1. I’ve had this feeling and I’ve talked with others that say cigarettes are like a really good friend they are always there. A poisonous friend but…. Your doing good girl. I have the hardest time getting through PMS without one but I’m on my fourth month of getting through without my monthly pack :) And congrats on the house you have some changes going on ,good changes. And I can’t stand it when people are judgmental of smokers grrrrr….. Keep on being good to yourself you deserve it :)

  2. I just passed two years not smoking… the withdrawal is nothing, it’s the habit that was hard for me. I have to push away ashtrays in bars still.

    Hopefully this time is the last time around for you on quitting, eh?

  3. hang in there Jessica. Quitting is hard, but you deserve a healthy body. Just think of all the money you’ll save? Such an expensive habit.
    Did you really buy a house? Wow, that’s awesome girl!
    Take care, karin

  4. Hey Jessica, I’m sorry you are feeling lonely. It is hard to quit smoking, but it’s hard to be a smoker too. I quit in 1992. I was a pack to a pack and a half a day smoker for 11 years. I hated the social outcast aspect of it then, but it’s even worse now. The city I live in won’t even allow smoking in bars anymore – it’s crazy!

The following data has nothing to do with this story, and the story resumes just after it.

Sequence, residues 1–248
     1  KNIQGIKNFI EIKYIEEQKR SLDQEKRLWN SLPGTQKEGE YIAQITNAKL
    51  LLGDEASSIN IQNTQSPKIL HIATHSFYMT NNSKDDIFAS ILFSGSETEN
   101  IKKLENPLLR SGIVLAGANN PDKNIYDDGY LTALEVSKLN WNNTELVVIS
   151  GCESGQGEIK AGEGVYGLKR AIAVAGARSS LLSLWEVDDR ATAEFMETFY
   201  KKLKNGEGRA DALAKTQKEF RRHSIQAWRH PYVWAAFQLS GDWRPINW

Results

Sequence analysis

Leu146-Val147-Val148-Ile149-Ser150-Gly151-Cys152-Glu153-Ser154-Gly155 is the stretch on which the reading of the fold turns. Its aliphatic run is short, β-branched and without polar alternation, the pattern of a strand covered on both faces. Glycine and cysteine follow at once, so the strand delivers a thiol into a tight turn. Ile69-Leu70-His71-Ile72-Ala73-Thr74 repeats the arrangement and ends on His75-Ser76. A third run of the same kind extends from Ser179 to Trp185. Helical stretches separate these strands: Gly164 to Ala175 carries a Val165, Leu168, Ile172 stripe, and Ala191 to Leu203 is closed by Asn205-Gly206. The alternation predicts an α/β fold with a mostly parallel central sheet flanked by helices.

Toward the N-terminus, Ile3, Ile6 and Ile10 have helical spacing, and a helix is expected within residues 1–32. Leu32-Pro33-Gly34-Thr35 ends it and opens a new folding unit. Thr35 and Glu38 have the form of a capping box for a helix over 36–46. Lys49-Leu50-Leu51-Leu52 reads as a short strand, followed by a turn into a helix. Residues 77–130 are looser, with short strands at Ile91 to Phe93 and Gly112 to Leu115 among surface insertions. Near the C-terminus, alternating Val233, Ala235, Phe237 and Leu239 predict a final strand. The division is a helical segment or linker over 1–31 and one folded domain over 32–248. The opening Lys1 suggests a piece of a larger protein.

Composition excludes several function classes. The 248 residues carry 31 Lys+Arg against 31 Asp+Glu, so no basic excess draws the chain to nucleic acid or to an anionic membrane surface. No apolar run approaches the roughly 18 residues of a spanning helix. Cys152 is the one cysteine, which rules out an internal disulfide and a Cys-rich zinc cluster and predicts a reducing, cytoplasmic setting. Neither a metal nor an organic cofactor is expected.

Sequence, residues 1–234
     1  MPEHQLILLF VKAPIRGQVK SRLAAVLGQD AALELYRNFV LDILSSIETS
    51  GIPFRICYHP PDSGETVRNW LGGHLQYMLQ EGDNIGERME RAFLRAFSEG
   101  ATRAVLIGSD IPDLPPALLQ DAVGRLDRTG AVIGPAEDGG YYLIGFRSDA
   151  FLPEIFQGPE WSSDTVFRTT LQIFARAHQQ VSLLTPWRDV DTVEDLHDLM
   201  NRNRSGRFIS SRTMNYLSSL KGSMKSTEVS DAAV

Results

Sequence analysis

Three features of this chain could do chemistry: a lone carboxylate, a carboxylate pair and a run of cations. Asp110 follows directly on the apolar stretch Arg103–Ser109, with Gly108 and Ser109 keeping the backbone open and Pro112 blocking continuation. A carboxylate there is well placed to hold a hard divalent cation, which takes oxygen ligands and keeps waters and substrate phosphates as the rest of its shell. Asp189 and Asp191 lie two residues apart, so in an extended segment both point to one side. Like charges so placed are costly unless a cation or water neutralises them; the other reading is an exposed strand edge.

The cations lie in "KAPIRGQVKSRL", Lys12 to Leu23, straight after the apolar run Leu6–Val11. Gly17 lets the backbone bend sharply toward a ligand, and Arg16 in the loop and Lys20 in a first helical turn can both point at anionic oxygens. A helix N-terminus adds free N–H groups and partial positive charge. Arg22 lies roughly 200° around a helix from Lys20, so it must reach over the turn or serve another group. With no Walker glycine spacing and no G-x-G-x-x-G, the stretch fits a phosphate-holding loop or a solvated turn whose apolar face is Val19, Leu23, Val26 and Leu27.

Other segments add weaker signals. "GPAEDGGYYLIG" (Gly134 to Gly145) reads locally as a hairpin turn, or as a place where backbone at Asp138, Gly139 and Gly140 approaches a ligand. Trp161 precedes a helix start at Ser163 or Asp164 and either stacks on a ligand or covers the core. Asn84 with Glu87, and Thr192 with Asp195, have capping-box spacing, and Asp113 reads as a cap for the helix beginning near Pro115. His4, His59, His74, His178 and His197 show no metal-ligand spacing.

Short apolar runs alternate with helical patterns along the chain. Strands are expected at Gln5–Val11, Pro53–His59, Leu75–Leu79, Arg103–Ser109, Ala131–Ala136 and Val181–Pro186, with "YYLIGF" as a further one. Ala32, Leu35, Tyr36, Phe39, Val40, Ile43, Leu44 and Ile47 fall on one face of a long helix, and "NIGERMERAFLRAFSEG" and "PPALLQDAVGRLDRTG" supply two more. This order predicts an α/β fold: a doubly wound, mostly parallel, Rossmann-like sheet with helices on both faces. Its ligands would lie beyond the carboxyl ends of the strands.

When I quit, I sometimes sat by smokers on purpose to catch some second hand smoke. I know it’s probably cheating, but it helped take the edge off. I had achey lungs for a long time but eventually that went away. I missed smoking for several years. Not like a “longing” kind of thing, but just moments when I’d think “you know, a cigarette would be really nice right now”.

    When I first quit, I kept asking myself “what the hell do non-smokers do with all this free time?” I was mad too. It irritated me that I loved to smoke and I felt like I needed to quit. Why shouldn’t I be able to smoke? It was my only true friend. The one who got me through everything. But I quit and had quit a hundred times before. When I quit the last time, I kept telling myself “if you really want to go back to being a smoker, you can at any time. Maybe you could try going without for awhile.”

    Hang in there girl, there is a reason you stopped. Stick to it and in 17 years you can be writing unsolicited “wisdom” on someone else’s blog who is trying to quit smoking. :)

  5. Just a quickie cos busy. But..

    I gave up in 1995. I had smoked since I was 14, I had smoked cannibis from the age of 19 to about 33, that’s a long time. I gave up on May 5th 1995, it was easy..unbelievably though!! I had spent years and years worrying that I would never be able to give up, and then when I did, it was a piece of piss!. If only I had known how easy I would find it, I would have done so earlier. My Father tried again and again and failed, despite being left with the use of one lung after pneumonia. It was only after having a cancerous tumour in his bladder (due to smoking, nicotene build up in his urinary tract), that he finally gave up. I obviously don’t carry the ‘addictive’ gene (my pet theory)